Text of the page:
Director has familial ties to Ali: The Mission, latest 30 for 30 short film, debuting today on Grantland.com
Ali: The Mission, narrated by musician John Legend, debuts today on Grantland.com and delves into perhaps one of the most important, but least known, feats of Muhammad Ali’s remarkable life.
In 1990, the boxing legend negotiated for the release of U.S. civilians taken hostage in Iraq. On Jan. 16, 1991, only six weeks after Ali brought 15 hostages back home to their relieved families, Operation Desert Storm commenced on Iraq.
The director, Amani Martin, had a personal reason for his interest to make this film and he shared his heartfelt story with Front Row’s Jay Jay Nesheim.
When I got the opportunity to direct Ali: The Mission, I jumped on it. How often do you get a chance to tell a story few people know about one of the 20th century’s most fascinating and well-documented people?
And it happened to be a story that illustrates so much of Muhammad Ali’s greatness outside the ring: his deep humanitarian convictions, a willingness to take on risk to uphold his principles, and a knack for embedding his voice and aura into major historical events.
But making this film also held a powerful, personal allure.
My admiration for Ali has its roots in my father’s profound esteem for The Greatest. My father was in awe of Ali’s boxing prowess, but more significantly, was inspired by Ali’s courage outside the ring in fighting for civil rights and social justice. My dad, Nathaniel Martin, was actively involved in fighting the same fight. His focus was on the many social and economic challenges facing his beloved hometown of Bronx, N.Y.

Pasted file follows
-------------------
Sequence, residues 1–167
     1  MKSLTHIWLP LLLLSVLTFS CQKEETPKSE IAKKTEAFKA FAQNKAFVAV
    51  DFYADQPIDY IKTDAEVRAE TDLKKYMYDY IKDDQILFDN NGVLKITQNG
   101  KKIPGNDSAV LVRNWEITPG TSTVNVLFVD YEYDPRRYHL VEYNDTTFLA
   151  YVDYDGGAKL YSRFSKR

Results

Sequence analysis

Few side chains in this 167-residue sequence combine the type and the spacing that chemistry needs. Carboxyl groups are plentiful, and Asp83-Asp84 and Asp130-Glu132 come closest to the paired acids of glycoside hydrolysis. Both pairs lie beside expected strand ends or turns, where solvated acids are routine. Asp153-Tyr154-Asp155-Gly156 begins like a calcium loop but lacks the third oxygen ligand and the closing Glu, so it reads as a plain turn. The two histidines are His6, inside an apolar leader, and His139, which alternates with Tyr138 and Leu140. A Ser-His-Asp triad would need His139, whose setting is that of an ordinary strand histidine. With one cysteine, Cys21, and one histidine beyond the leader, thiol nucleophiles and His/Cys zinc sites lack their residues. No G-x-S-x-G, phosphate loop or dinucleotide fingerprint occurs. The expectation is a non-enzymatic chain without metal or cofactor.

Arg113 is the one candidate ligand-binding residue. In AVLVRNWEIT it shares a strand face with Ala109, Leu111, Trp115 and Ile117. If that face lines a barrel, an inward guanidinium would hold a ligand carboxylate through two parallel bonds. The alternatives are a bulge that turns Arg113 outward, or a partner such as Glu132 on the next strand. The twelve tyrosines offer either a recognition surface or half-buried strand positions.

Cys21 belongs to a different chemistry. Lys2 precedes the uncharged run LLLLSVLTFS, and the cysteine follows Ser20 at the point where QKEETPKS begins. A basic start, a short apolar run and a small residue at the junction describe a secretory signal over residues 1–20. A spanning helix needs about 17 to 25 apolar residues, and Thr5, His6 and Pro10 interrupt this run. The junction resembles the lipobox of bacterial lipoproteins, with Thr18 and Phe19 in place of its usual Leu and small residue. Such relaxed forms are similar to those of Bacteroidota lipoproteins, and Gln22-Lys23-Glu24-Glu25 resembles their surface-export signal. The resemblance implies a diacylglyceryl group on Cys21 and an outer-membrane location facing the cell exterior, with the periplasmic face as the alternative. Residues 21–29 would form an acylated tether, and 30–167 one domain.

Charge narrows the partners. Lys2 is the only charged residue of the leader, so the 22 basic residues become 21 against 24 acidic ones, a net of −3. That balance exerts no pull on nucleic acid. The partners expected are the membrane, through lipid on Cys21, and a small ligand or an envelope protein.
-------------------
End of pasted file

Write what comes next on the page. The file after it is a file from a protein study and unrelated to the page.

So I can’t imagine the joy and pride my father felt standing next to Ali at this public event outside the Bronx Supreme Court (pictured above), about two blocks from the old Yankee Stadium in the neighborhood where my father grew up and became a small business owner and community organizer. That’s my dad on the left side of the photo, standing next to Ali in 1983, two years after Ali’s retirement, and only a year before he was diagnosed with Parkinson’s disorder.
I don’t know exactly why Ali was in the South Bronx that day. I don’t know what role my father had in bringing him there. To me, it doesn’t really matter. Two years ago, my father passed away after a decade-long bout with polymyositis, a debilitating muscular disease. When I look at this photo, it reminds me of my father’s adult prime, when he was healthy, robust, and spirited. And it puts a smile on my face, seeing him standing next to his hero; a hero I would take on as my own.
Ali: The Mission can be viewed here.
The Los Angeles Times published this preview.